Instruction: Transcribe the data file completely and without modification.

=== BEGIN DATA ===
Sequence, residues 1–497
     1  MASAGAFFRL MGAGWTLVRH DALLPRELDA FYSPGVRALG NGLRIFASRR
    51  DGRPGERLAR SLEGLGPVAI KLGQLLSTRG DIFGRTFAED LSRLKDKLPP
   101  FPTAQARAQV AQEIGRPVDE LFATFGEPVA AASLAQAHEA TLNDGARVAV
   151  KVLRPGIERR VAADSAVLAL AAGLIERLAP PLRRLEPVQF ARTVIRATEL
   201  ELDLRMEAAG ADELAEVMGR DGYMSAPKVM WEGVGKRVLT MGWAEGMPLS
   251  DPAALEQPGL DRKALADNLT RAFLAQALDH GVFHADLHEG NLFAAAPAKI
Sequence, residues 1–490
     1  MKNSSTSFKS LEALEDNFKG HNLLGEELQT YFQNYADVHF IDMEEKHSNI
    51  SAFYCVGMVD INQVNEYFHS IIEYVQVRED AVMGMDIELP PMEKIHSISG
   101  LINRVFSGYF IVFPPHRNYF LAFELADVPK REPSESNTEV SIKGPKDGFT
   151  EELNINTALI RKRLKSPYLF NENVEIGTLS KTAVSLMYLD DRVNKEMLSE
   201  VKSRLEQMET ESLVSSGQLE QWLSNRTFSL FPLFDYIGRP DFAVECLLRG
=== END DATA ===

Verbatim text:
Sequence, residues 1–497
     1  MASAGAFFRL MGAGWTLVRH DALLPRELDA FYSPGVRALG NGLRIFASRR
    51  DGRPGERLAR SLEGLGPVAI KLGQLLSTRG DIFGRTFAED LSRLKDKLPP
   101  FPTAQARAQV AQEIGRPVDE LFATFGEPVA AASLAQAHEA TLNDGARVAV
   151  KVLRPGIERR VAADSAVLAL AAGLIERLAP PLRRLEPVQF ARTVIRATEL
   201  ELDLRMEAAG ADELAEVMGR DGYMSAPKVM WEGVGKRVLT MGWAEGMPLS
   251  DPAALEQPGL DRKALADNLT RAFLAQALDH GVFHADLHEG NLFAAAPAKI
Sequence, residues 1–490
     1  MKNSSTSFKS LEALEDNFKG HNLLGEELQT YFQNYADVHF IDMEEKHSNI
    51  SAFYCVGMVD INQVNEYFHS IIEYVQVRED AVMGMDIELP PMEKIHSISG
   101  LINRVFSGYF IVFPPHRNYF LAFELADVPK REPSESNTEV SIKGPKDGFT
   151  EELNINTALI RKRLKSPYLF NENVEIGTLS KTAVSLMYLD DRVNKEMLSE
   201  VKSRLEQMET ESLVSSGQLE QWLSNRTFSL FPLFDYIGRP DFAVECLLRG